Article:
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A Pytorch Implementation of Tacotron: End-to-end Text-to-speech Deep-Learning Model

A Pytorch Implementation of Tacotron: End-to-end Text-to-speech Deep-Learning Model

Tacotron-pytorch

A Pytorch Implementation of Tacotron: End-to-end Text-to-speech Deep-Learning Model

Implement google's Tacotron TTS system with pytorch.

Updates

2018/09/15: Fix RNN feeding bug.

Requirements

Download python and pytorch by youself.

  • python==3.6.5
  • pytorch==0.4.1

You can use requirements.txt to download packages below.

# I recommend you use virtualenv.
$ pip install -r requirements.txt
  • librosa
  • numpy
  • pandas
  • scipy
  • matplotlib

Usage

  • Data
    Download LJSpeech provided by keithito. It contains 13100 short audio clips of a single speaker. The total length is approximately 20 hrs.

  • Set config.

# Set the 'meta_path' and 'wav_dir' in `hyperparams.py` to paths of your downloaded LJSpeech's meta file and wav directory.
meta_path = 'Data/LJSpeech-1.1/metadata.csv'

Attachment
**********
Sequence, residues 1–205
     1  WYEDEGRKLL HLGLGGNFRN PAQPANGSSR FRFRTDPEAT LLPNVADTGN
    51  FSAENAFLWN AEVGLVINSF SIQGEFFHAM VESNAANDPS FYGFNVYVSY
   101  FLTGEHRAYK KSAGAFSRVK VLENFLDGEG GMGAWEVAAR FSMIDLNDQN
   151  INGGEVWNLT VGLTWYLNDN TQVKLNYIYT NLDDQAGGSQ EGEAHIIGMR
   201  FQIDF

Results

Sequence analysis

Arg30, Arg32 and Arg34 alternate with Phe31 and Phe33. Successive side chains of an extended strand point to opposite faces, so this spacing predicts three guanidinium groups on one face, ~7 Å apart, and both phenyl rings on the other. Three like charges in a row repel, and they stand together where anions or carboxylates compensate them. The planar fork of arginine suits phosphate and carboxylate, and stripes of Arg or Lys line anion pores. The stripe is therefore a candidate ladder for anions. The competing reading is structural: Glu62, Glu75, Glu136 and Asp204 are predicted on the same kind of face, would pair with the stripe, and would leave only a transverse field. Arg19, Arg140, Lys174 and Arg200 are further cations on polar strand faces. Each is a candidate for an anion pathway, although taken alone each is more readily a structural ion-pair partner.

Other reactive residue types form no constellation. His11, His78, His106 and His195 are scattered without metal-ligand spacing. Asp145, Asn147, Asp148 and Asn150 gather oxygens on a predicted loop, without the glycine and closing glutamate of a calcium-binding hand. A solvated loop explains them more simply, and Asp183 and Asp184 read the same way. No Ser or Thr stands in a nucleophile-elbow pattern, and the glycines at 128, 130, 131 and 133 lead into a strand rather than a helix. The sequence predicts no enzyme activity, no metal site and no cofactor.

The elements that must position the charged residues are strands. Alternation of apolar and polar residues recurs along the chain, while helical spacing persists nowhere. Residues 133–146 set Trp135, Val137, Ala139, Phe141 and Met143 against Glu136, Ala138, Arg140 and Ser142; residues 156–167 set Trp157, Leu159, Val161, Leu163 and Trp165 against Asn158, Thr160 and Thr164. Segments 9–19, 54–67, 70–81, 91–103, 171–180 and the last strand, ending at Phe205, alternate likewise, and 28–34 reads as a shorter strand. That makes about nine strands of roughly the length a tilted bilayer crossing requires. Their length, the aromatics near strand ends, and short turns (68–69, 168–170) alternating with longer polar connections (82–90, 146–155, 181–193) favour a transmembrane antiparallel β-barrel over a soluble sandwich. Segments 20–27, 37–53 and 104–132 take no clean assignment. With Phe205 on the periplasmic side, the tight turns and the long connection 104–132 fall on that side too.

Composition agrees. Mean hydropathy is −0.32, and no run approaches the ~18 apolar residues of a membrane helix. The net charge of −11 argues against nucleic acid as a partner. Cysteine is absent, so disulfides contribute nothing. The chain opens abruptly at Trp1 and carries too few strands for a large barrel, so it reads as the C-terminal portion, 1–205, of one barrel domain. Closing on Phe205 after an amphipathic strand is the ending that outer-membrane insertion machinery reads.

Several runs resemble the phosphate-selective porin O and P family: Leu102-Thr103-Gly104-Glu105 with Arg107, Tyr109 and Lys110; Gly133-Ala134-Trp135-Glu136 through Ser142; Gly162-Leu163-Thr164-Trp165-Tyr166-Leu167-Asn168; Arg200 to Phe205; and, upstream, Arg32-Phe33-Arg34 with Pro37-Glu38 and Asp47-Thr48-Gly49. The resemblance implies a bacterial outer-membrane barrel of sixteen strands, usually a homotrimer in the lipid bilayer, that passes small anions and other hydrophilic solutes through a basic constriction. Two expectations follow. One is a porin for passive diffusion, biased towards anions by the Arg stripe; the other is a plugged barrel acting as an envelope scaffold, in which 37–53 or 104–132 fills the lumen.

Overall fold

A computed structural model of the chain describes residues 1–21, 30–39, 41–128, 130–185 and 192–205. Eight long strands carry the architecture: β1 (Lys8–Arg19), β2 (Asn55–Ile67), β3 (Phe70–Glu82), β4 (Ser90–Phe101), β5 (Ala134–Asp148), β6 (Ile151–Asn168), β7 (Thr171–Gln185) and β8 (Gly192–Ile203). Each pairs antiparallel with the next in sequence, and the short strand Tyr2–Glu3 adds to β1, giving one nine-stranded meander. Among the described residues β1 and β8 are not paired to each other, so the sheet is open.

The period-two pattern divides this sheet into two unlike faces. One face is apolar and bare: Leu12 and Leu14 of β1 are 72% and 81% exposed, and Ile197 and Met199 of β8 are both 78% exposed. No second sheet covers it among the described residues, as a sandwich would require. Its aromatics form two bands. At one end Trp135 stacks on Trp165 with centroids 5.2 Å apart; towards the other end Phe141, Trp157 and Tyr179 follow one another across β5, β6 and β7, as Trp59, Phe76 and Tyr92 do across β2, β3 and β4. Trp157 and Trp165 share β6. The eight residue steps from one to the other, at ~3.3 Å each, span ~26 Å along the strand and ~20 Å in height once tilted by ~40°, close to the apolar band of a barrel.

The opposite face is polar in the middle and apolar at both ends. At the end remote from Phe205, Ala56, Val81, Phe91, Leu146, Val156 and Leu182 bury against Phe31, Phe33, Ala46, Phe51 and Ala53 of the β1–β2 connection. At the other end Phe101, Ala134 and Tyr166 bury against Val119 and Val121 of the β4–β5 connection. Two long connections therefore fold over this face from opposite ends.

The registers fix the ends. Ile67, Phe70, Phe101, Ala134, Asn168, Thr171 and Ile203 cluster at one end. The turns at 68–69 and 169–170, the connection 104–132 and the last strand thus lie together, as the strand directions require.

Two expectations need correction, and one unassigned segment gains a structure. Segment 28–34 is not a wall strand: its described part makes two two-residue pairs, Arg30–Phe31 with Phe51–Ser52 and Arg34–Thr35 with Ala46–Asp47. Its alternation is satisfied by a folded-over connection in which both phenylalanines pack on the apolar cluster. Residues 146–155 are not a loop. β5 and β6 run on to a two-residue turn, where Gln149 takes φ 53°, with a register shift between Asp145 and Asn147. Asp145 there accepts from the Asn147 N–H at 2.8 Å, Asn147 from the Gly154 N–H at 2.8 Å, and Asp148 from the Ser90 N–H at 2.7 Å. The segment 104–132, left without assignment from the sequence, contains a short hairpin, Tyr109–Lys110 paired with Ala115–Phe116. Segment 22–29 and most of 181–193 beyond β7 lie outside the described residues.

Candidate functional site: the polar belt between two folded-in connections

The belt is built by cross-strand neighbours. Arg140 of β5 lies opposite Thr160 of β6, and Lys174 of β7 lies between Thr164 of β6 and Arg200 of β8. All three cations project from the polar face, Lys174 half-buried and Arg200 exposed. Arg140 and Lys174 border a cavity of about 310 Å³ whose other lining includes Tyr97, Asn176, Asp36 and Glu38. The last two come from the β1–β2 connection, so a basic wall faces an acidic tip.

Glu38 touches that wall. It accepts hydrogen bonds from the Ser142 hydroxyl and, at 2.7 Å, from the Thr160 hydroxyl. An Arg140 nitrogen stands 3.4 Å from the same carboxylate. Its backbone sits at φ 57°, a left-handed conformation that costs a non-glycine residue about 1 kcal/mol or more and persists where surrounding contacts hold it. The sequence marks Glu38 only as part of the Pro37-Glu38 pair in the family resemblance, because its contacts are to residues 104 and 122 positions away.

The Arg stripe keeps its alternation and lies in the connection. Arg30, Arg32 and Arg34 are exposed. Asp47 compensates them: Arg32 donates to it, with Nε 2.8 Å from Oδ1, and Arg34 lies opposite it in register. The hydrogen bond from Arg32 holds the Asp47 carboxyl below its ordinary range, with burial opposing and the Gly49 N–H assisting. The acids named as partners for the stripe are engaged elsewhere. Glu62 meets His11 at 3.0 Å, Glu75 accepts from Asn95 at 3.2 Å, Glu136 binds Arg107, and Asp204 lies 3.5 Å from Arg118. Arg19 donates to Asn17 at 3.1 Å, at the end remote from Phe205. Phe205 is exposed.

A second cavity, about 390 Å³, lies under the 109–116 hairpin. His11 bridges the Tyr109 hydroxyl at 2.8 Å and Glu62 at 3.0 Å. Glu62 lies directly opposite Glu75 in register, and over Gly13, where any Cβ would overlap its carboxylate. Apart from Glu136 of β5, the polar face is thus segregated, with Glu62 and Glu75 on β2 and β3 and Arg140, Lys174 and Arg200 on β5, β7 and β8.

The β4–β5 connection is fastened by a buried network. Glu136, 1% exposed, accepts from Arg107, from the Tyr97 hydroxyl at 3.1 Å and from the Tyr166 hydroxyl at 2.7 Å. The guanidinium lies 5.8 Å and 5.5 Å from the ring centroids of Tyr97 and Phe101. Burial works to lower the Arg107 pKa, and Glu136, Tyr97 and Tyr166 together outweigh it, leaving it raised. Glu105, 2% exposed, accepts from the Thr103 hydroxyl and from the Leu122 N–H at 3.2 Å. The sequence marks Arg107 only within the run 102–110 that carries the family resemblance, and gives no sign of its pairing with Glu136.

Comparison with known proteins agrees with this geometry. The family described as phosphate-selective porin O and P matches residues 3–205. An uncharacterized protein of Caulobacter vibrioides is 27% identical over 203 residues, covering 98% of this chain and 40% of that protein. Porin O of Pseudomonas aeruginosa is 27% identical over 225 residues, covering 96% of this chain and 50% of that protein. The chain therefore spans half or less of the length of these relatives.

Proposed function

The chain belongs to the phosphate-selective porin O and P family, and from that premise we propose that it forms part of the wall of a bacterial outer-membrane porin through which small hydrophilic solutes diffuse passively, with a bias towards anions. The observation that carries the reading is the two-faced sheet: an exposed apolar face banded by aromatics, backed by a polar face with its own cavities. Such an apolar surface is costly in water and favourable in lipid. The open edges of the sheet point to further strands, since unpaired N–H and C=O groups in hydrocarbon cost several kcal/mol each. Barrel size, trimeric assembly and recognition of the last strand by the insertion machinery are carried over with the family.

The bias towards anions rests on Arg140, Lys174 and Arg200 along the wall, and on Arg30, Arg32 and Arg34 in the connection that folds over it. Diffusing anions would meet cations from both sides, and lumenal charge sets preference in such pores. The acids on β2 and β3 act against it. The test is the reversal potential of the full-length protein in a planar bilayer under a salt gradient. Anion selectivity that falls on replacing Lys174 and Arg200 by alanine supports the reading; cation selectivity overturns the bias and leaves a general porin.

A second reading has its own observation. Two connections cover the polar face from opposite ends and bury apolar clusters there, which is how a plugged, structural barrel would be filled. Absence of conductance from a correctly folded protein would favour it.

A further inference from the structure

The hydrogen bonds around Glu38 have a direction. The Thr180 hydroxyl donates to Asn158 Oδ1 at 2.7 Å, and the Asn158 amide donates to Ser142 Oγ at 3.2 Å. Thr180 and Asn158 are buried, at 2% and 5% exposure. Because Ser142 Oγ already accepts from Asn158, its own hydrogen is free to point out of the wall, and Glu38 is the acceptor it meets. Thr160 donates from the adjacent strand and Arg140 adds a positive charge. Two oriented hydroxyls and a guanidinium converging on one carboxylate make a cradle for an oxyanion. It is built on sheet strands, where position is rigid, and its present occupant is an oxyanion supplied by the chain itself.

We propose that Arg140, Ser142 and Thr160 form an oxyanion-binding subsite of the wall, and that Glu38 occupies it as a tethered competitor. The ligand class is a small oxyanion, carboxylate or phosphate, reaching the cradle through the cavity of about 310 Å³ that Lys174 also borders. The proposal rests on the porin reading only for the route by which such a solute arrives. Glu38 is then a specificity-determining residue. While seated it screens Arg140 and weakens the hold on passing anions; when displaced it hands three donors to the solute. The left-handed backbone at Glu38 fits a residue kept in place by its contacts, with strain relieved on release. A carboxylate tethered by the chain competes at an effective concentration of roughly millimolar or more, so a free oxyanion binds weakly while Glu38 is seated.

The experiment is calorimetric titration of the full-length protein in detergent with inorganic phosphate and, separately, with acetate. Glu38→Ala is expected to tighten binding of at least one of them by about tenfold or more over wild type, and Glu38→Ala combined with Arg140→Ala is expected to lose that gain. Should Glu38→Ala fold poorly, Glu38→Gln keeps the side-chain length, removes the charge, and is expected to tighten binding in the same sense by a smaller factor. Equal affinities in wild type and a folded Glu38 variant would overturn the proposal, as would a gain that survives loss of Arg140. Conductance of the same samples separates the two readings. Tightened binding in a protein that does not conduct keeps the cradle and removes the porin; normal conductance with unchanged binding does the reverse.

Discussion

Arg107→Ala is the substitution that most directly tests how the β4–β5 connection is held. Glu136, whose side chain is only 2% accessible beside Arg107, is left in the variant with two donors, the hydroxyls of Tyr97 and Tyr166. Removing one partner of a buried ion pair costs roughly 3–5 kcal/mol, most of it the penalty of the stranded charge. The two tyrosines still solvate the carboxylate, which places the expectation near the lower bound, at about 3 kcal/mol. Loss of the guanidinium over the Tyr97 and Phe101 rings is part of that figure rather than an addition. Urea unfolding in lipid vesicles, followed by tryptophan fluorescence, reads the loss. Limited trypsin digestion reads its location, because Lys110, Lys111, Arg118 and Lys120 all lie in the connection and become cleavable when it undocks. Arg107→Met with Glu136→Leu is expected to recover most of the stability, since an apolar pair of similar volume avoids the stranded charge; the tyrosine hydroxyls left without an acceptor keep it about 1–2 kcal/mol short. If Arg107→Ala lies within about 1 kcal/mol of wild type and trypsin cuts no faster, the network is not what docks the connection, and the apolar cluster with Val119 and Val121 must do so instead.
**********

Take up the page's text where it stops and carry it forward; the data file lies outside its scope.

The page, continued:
wav_dir = 'Data/LJSpeech-1.1/wavs'
  • Train
# If you have pretrained model, add --ckpt <ckpt_path>
$ python main.py --train --cuda
  • Evaluate
# You can change the evaluation texts in `hyperparams.py`
# ckpt files are saved in 'tmp/ckpt/' in default
$ python main.py --eval --cuda --ckpt <ckpt_timestep.pth.tar>

Samples

The sample texts is based on Harvard Sentences. See the samples at samples/ which are generated after training 200k.

Alignment

The model starts learning something at 30k.

alignment

Differences from the original Tacotron

  1. Data bucketing (Original Tacotron used loss mask)
  2. Remove residual connection in decoder_CBHG
  3. Batch size is set to 8
  4. Gradient clipping
  5. Noam style learning rate decay

GitHub